Stormont crisis as all non-DUP members walk out ahead of Arlene Foster's statement on energy scheme
The Stormont Assembly has been plunged into crisis after all non-Democratic Unionist Party (DUP) members walked out ahead of a disputed statement by the First Minister on her role in a botched renewable energy scheme.
In unprecedented scenes, DUP leader Arlene Foster addressed row upon row of empty benches in Parliament Buildings in Belfast, with only party faithful remaining in the chamber in the seats behind her.
The bitter row unfolded after Sinn Fein Deputy First Minister Martin McGuinness withdrew his approval for Mrs Foster to appear to explain her role in an error-ridden scheme that has left the Northern Ireland taxpayer facing an overspend bill of an estimated £400 million.
All statements by Mrs Foster and Mr McGuinness's joint office need the support of both sides of the powersharing executive.
Mr McGuinness's move prompted members from all parties but the DUP to question the validity of Mrs Foster's appearance.
The Sinn Fein veteran said her remarks could only be viewed as a personal statement.
When she did rise to her feet, Mrs Foster reiterated her apology for not introducing cost controls in the Renewable Heat Incentive (RHI).
The DUP leader said it was the deepest regret of her time in office.
"Not for one minute do I want to shirk or avoid responsibility," she added.
Before the extraordinary walkout, Mr McGuinness told the media: "The statement does not have my authority or approval as Deputy First Minister.
"She is speaking in a personal capacity and not in her role as First Minister."
After Mrs Foster's statement, the Assembly is due to debate an SDLP motion of no confidence in the First Minister.
However, Sinn Fein President Gerry Adams has said the party "are not looking for an election" but acknowledged it could be a consequence of today's actions.
"It may well be but that's what happens when Governments fall out or when Governments fall," he told RTE Radio One.
"Martin McGuinness spoke to Arlene about these matters privately. We didn't want, in a crass way [to put] this into the public arena," he said.
He denied that the party's relationship with the DUP has broken down as a result of todays actions.
"We will continue to talk with Arlene Foster and we will continue to talk with the DUP," he said, adding that there was a lot of work to be done in relation to equality, the Irish language and budget agreement.
Mr Adams said the party want an independent investigation into the matter, which will vindicate Ms Foster is she is correct in her statements.
The row threatening the peace-building institutions has erupted over the controversial energy scheme - set up by Mrs Foster - which paid out subsidies well in excess of the costs of buying renewable fuel.
Claims of widespread abuse include a farmer allegedly set to pocket around £1 million in the next 20 years for heating an empty shed.
The "cash for ash" scandal reached fever pitch last week when former DUP economy minister Jonathan Bell broke ranks to level a series of explosive claims against his leader and party advisers.
In an extraordinary TV interview, a tearful Mr Bell said God told him to come clean as he claimed a "highly agitated and angry" Mrs Foster demanded he keep the RHI open for an extra fortnight despite its huge losses.
Mrs Foster strongly rejected the claims. Mr Bell was suspended by the party over the weekend.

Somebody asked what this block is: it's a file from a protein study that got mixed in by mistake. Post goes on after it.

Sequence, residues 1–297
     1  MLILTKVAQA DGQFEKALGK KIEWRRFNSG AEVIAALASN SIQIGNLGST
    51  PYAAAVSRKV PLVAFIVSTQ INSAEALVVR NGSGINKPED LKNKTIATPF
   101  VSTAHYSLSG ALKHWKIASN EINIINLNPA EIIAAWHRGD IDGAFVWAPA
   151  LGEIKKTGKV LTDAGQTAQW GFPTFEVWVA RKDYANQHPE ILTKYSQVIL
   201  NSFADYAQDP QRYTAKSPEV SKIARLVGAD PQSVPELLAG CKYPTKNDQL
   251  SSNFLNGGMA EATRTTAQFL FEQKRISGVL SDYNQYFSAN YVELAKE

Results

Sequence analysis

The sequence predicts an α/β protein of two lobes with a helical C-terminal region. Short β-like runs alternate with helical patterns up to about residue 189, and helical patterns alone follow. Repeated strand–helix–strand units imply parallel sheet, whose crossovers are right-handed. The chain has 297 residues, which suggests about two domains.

On Monday, Mr Bell claimed he had an email in his possession that contained critical information about the scandal.
He said he was being prevented from publishing details of the message and called for that ban to be lifted.
Mrs Foster told the three-quarters empty House that lessons would be learned and attempts made to mitigate the overspend.
"I am not immune to the considerable anger and frustration this issue has caused; not only do I understand it, I feel it too," she said.
After her statement, the DUP leader fielded questions from with her fellow MLAs.
She lambasted the rival politicians for walking out.
"For weeks now people have been calling on me to come forward, calling on me to go before the PAC (Public Accounts Committee). I said I would go to the PAC, that wasn't good enough. I'd say I'd come to this House, I would set out the facts, I would take questions from members of this House and where are they, where are they?
"The people of Northern Ireland deserve better than this. The people of Northern Ireland will look at this today and say 'What is all this about?'"
Much of the scrutiny on Mrs Foster has focused on how she responded to concerns raised by a whistleblower during her time as economy minister.
There was a flurry of claims and counter claims last week on whether the individual raised concerns directly to Mrs Foster, or if she only outlined them after Mrs Foster passed her on to meet with her officials.
The DUP published an email from the whistleblower last week that made no mention of her RHI concerns - the party cited it to demand an apology from those who had asserted she should have done more.
However, another email has since emerged, that was sent directly to Mrs Foster in 2013, that did raise specific concerns about the scheme.
Addressing the issue in the chamber, Mrs Foster said her former economy department owed the whistleblower an apology.
"She deserves our high respect and a sincere apology on behalf of my former department, which should not have dismissed her claims with disbelief, but examined them with diligence," she said.
"It is no exaggeration to say that had she been listened to on any of the three occasions when she approached DETI, this crisis would have been avoided."
In regard to what information was passed directly to her, the DUP leader added: "Unfortunately, it has been difficult to establish the exact facts around contact between this concerned citizen and myself and the department."